GOVERNMENT ministers were alerted over a UFO photographed hovering over the Scottish countryside, it has emerged.
Newly released Ministry of Defence files reveal they took the unusual step of informing senior Cabinet figures after an unidentified object was captured on camera in Perthshire.
While most reports of flying saucers are quickly dismissed by defence chiefs, the previously classified papers show the sighting, which took place near Pitlochry in 1990, was taken extremely seriously.
A former MoD official who investigated the case told Scotland on Sunday that despite strenuous efforts they could find no earthly explanation for the craft.
Witnesses reported seeing a large, diamond-shaped object hanging in the air next to a RAF Harrier above the A9 at Calvine, north of Pitlochry, on August 4.
The UFO is said to have hovered for about 10 minutes before zooming skywards at high speed and disappearing from view.
The apparent close encounter of the Caledonian kind was photographed by members of the public whose images appear to show a blurry, diamond-shaped craft next to a jet.
Fearing the pictures would spark significant media interest, the MoD decided to bring it to the attention of the Government.
A Whitehall official wrote in a memo: "Such stories are not normally drawn to the attention of ministers.
"On this occasion, however, the MoD has been provided with six photographic negatives of an alleged UFO... and has been asked for comments almost certainly for inclusion in a forthcoming story."
The memo suggested the media should be told that "no definite conclusion had been reached regarding the large diamond-shaped object".
It has also emerged the MoD went on to commission a series of line drawings of the object the following year, noting that the "sensitivity of the material suggests very special handling".
Former MoD civil servant Nick Pope, who dealt with UFO reports, described the image as the "most impressive" ever shown to his department.
He said: "The MoD has all sorts of equipment and expertise that we used to analyse and enhance imagery to tell whether there were any signs of fakery.
"This picture was assessed by our digital experts, who concluded it was a real photograph showing a solid-structured craft which was estimated as being around 25m in diameter.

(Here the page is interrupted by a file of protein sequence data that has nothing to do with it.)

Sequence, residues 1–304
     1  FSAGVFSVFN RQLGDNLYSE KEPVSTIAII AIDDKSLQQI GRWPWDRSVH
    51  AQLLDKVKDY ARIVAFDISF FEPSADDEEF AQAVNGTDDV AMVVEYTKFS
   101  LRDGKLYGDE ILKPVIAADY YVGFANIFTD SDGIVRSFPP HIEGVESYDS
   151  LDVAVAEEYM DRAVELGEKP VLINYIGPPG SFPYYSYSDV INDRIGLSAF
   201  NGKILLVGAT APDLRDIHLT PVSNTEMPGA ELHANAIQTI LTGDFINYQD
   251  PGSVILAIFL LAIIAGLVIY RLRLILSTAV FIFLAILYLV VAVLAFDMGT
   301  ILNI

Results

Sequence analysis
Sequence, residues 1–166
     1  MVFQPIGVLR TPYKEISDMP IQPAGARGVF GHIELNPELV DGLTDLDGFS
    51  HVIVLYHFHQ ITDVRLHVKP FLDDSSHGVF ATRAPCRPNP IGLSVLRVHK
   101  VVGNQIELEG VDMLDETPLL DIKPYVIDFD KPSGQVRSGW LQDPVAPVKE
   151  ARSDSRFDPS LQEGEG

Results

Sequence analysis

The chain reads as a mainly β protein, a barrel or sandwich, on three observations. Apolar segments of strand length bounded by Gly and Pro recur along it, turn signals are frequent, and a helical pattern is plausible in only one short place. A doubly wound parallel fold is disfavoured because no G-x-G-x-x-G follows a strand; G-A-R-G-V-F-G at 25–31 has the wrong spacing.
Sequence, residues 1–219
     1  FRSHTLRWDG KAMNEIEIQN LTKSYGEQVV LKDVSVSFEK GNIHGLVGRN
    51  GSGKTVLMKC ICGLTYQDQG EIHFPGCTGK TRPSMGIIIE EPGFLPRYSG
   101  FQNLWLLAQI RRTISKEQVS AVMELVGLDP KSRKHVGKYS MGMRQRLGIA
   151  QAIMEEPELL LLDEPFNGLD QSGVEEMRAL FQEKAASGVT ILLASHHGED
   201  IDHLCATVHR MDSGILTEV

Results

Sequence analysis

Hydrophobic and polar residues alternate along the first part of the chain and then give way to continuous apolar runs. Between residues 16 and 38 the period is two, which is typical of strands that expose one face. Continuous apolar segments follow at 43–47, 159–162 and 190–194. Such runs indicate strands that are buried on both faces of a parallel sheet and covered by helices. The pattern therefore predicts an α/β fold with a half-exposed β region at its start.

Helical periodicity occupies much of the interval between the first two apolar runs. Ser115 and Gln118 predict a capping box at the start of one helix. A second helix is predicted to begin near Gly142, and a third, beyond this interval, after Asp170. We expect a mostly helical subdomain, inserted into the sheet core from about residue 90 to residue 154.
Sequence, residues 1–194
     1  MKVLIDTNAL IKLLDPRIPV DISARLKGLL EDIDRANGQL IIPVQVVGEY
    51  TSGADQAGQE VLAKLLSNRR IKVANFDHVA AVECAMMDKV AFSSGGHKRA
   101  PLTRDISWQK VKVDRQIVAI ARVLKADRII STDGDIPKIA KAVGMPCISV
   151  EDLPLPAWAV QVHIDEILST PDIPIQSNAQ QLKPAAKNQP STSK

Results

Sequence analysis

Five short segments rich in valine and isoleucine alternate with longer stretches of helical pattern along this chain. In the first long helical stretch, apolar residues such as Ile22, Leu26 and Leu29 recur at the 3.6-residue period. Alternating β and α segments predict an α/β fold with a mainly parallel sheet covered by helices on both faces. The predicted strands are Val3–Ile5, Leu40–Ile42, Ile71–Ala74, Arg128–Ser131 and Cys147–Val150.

"There were no wings and no visible signs of any propulsion system.
"It was exotic and unknown in a way far beyond even the most modern stealth aircraft being trialled at that time."
Pope, who served in the MoD for 21 years until 2006, claims they were unable to come up with any firm answers about the craft and its origins.
"I remember going to a briefing with the defence intelligence staff where the photograph was discussed.
"My opposite number in defence intelligence pointed his finger to the left and said, 'It is not the Americans,' then to the right, saying, 'It is not the Soviets,' and finally, he said, 'That only leaves...' and pointed his finger directly up."
During his time with the ministry, Pope had a blown-up copy of the photograph on his office wall until it was personally taken down by his superior. He recalled: "My head of division removed it and put it in his drawer because he was convinced, wrongly in my opinion, that it showed a top secret prototype craft.
"Somewhere along the line the photo disappeared, but I have no idea whether it was genuinely misplaced or whether it was treated as something we shouldn't have seen and put through a shredder."
Meanwhile, another newly released file reveals how efforts to create a computer database of UFO reports were halted amid fears of a potential public relations disaster should its existence come to light.
The aim was to produce a database which could supply information and explanations when ministers were asked questions in Parliament about sightings.
A memo from March 1988 revealed the project was to be ditched because it "contravened" statements from ministers saying UFOs did not pose a threat to the UK.
The official wrote: "I also understand that there was some concern about public reaction if knowledge of the work being undertaken emerged in the media."
A further file insists that the death of an US Air Force pilot attached to the RAF was a "tragic accident" rather than the result of a UFO encounter.
Captain William Schaffner's fatal crash into the North Sea on September 8, 1970, made headlines over allegations he was on an secret operation to intercept a glowing, unidentified craft.
But an MoD report concluded: "There is no reason to suggest that there is any sort of UFO incident in any way connected with the tragic crash."